Background The neonate is susceptible to hypocalcemia from a variety of etiologies. At particular risk is the low birth weight or premature infant, those born to diabetic mothers and those who have increased perinatal stress.
Case Report We report a two week old full term male infant with a 7 day history of twitching, jerking movements of the extremities. The mother reported respiratory and feeding difficulties one day prior to admission. The history was negative for fever, lethargy, emesis or diarrhea. Laboratory analysis revealed a serum calcium 6.3 mg/dL, ionized calcium 0.9 mmol/L, phosphorus 11.3 mg/dL, magnesium 1.2 mg/dL, and albumin 3.2 g/dL. The rest of her metabolic panel, liver function studies, CBC, CRP, chest x-ray, and CT scan of the brain were all within normal limits. The infant was admitted to the PICU and treated with a calcium gluconate infusion. Serum calcium increased to 10.6 mg/dL and phosphorus to 7 mg/dL. Symptoms resolved within 2 days. He was sent home on oral calcium supplements. Further investigation for the hypocalcemia of the infant revealed normal levels of PTH, vitamin D, and thyroid function studies. A workup on the mother was performed and demonstrated increased serum calcium 12.3 mg/dL, phosphorus 1.9 mg/dL, PTH 323 pg/dL (normal 15-75) and vitamin D 10 mg/mL. An ultrasound of the neck and radiothallium scanning revealed a parathyroid adenoma of the right superior gland.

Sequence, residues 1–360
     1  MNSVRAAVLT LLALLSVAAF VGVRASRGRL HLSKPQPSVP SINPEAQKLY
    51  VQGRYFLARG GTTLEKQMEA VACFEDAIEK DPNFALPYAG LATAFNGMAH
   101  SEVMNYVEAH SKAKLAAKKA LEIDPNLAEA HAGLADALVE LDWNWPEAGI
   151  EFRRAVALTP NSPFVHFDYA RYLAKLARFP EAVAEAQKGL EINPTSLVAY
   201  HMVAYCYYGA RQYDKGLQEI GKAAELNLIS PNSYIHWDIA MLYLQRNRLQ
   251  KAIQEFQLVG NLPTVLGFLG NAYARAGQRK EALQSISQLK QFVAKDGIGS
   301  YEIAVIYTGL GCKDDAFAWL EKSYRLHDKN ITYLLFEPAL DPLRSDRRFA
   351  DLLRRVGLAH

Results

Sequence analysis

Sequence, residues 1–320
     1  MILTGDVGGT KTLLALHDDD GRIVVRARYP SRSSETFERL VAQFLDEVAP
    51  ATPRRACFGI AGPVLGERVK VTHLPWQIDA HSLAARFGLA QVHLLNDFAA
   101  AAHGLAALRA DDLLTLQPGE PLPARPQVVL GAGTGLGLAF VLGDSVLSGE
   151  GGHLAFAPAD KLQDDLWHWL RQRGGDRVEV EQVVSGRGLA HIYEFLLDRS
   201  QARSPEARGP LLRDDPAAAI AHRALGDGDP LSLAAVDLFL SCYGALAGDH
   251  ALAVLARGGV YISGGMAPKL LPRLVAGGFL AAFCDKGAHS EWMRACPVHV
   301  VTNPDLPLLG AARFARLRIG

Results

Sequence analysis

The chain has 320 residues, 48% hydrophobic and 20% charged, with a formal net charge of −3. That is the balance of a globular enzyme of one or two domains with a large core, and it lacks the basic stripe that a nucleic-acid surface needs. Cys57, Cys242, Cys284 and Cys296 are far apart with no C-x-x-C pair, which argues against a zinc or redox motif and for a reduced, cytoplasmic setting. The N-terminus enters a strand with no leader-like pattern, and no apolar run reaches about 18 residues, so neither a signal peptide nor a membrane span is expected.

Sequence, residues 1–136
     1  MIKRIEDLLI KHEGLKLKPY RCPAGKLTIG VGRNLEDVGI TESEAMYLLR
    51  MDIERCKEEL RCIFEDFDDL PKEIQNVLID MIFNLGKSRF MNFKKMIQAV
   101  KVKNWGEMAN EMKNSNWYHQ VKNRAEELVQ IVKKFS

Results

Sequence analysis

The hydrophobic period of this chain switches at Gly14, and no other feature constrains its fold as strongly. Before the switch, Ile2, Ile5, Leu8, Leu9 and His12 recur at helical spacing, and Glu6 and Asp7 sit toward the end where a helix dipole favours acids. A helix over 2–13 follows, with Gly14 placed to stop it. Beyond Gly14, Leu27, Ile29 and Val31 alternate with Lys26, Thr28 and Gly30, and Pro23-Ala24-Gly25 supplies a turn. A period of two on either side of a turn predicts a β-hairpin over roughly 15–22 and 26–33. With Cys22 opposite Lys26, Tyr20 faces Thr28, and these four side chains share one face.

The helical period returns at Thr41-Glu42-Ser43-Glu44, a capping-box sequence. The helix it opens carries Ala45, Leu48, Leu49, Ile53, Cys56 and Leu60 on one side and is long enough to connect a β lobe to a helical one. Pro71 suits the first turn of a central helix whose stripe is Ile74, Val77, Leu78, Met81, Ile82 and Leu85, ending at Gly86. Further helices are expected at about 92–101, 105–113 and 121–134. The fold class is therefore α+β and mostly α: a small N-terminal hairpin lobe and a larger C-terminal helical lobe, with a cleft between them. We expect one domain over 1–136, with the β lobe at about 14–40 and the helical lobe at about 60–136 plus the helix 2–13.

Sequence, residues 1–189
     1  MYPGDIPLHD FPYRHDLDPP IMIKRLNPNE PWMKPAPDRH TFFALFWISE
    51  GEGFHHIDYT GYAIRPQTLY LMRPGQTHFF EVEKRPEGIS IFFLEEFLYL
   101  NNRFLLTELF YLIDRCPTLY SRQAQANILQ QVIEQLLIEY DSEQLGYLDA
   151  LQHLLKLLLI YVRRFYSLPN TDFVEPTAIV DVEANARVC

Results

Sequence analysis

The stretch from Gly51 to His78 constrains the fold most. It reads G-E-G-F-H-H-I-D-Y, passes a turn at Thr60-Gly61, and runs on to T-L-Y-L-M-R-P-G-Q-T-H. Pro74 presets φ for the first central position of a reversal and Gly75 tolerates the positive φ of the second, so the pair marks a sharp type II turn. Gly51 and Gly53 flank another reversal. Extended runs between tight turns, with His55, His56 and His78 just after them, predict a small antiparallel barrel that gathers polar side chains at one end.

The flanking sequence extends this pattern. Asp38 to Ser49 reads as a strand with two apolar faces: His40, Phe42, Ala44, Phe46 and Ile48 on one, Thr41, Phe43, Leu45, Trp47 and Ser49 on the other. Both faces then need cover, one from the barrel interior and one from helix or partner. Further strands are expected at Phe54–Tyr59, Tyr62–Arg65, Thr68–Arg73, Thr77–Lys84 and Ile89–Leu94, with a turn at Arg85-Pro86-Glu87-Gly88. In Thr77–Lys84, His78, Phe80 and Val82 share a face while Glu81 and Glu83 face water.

Discussion Neonatal hypocalcemia and tetany may be observed as a result of maternal hypercalcemia or hyperparathyroidism. There will generally be a prolonged but temporary suppression of parathyroid function in the infant. Hypocalcemia in a full term baby with no complications in pregnancy or perinatal history should prompt an investigation in the mother.